If you don’t love Monster Trucks, I’m pretty sure you’ve never been near one. That riotous combination of ridiculously-scaled tyres supporting a regular-sized van chassis on pogoing suspension is absurdly comical to behold in real life, with the loud roar of oversized engines serving to ground the experience in terrifyingly real power. It’s a unique combination of spectacle and awe-inspiring torque, and one that I can only suggest people seek out; if nothing else you’ll come away in no doubt as to the appeal.
There have been a few decent stabs at capturing that loud, brash experience in videogame form over the years, and the latest is Monster Truck Destruction from Odd Games. The PC version is a straight-up no-frills port of their iOS game that debuted at the tail end of last year, which attempted to pull off a simplistic Trials-style approach with minimalistic controls wrapped around a responsive, playful and intuitive physics engine.
This is as good-looking as it gets
You begin, as with all other racers in this day and age, with $150,000 in your pocket and a bevvy of vehicles to choose from. Once you’ve selected a fully-licensed real-world truck that matches personal style, Monster Truck Destruction sets about offering a menu of single events, two championships and a practice mode all set on courses designed by the authentic Monster X team. There’s heavy metal blasting in the background at all times and a garage available to spend your hard-earned winnings on upgrades that boost your vehicle’s engine, intake, shocks, exhaust and various other bits.
The overall objective here is to win both the East Coast and West Coast championship, clawing your way through one upgrade at a time before taking on better opponents in expanded arenas full of new jumps and mounds. To do so you’ll need to master the two events at the core of Monster Truck Destruction: Freestyle and Drag Race. The inputs at your disposal are comprised of the arrow keys - and later on the space bar to jump - and that’s your lot.
As the most basic offering, drag races are simple point-to-point scrambles in mirrored tracks laid out in an arena with chalk and other debris as loose guidelines as to where to point your truck. The trick here is to be conservative with your inputs, minimising air off jumps and bumps whilst stabilising your truck with small nudges of the steering or accelerator whenever it threatens to wobble or overturn. Maintaining speed on the straights usually sees your truck cross the finish line first, though the circuits that feature criss-crossing ramps introduce a degree of randomness that can be both fortuitous and frustrating in equal measure.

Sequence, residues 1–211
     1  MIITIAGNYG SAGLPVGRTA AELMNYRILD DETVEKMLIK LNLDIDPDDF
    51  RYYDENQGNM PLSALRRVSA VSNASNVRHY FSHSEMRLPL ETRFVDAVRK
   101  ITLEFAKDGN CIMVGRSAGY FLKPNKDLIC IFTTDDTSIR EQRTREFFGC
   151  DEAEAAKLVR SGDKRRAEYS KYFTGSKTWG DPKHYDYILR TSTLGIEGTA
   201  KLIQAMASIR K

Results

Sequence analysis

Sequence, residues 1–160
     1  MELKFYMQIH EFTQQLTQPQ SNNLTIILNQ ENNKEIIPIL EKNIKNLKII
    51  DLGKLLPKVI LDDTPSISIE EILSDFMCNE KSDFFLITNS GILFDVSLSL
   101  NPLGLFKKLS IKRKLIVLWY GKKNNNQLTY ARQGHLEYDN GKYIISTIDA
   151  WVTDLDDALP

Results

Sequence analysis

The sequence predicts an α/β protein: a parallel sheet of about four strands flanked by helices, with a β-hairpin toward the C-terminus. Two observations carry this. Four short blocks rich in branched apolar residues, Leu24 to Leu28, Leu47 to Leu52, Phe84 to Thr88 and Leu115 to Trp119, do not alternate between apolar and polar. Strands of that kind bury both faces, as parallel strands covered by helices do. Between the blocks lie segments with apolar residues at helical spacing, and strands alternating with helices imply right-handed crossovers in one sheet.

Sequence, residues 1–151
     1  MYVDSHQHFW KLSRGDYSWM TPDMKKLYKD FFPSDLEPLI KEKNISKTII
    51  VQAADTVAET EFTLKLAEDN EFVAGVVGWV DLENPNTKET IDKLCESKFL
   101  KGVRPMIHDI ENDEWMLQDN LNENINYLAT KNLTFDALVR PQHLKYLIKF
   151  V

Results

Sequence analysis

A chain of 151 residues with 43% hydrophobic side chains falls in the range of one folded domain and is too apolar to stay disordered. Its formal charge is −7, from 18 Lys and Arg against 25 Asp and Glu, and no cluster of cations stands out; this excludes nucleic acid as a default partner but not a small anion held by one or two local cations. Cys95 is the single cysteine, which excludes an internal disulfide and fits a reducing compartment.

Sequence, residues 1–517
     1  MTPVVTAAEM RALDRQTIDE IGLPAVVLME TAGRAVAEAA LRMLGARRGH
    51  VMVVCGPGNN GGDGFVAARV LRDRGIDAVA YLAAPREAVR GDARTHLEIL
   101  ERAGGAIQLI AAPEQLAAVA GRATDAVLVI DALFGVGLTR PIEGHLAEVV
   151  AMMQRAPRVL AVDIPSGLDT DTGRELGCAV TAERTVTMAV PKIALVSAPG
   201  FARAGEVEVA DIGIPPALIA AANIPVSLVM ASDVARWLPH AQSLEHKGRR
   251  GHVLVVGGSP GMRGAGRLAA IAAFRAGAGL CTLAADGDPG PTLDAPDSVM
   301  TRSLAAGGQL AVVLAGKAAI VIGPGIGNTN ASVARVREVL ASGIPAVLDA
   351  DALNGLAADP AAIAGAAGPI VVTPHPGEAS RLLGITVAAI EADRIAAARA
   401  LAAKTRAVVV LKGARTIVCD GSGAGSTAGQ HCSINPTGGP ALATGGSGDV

Upgrade, race, upgrade, race
Freestyle on the other hand, is a little more Tony Hawk. Your truck is let loose on an arena filled with jumps, cars, trucks and other destroyable props, with the objective being to chain together stunts and destruction for massive scores and multipliers. That’s not always as easy as it sounds either, with tight time limits between tricks necessitating a quick pace and steady tapping to bring your truck under control before boosting on to the next set of occasionally unintentional wheelies and flips.
For the most part both of those events are enjoyably short and bouncy, highlighting the quick bursts of gameplay at the heart of the original portable version. An exaggerated physics engine keeps things loose enough to create some huge crashes and silly spectacles, and it’s an entertaining challenge to try and find the best route through each course for maximum speed and ridiculousness.
As a pick-up-and-play arcade game then, Monster Truck Destruction has more than a few things going for it, but when you consider the finer details of the PC version, it’s quickly apparent that things aren’t quite right.
Firstly, this is as basic a port as you’ll ever find, right down to the on-screen text that defiantly tells you to ‘tap here to continue’. Graphically, the iPhone and iPad lineage is there for all to see, with blurry textures, basic lighting and generally underwhelming visuals from the get-go. Resolution options and either ‘low’ or ‘high’ settings are present and correct in the launcher - along with the ability to remap keys if you really hate those arrows so much - but don’t expect any luxuries such as gamepad support or direct access to any engine features.
The physics are bouncy
As a medium-priced PC game (it’s currently going through GreenLight for its Steam release but is available on GamersGate for the grand old sum of £14.99), there’s just not enough effort in the port to make it worthy of a recommendation. Put simply, the portable version is available for free at the moment; it appears just as fully-featured and certainly wouldn’t lose any appeal on the small screen. Even basic multiplayer is entirely absent here, and the whole project is much more suited to a vastly-reduced pocket-money price point that’d make it a viable diversion to while away a couple of hours in short bursts.
It’s a mobile game then, essentially. As enjoyable as Monster Truck Destruction undoubtedly is at times, it’s not been fully-baked in the transition to the PC and the price point won’t reflect its nature without some heavy patching. If you can find it cheap in a Steam sale this Christmas then it’s certainly worthy of a chunk of change to take a look, but for the moment, pick up your phone and give it a try before even thinking about hitting that purchase button.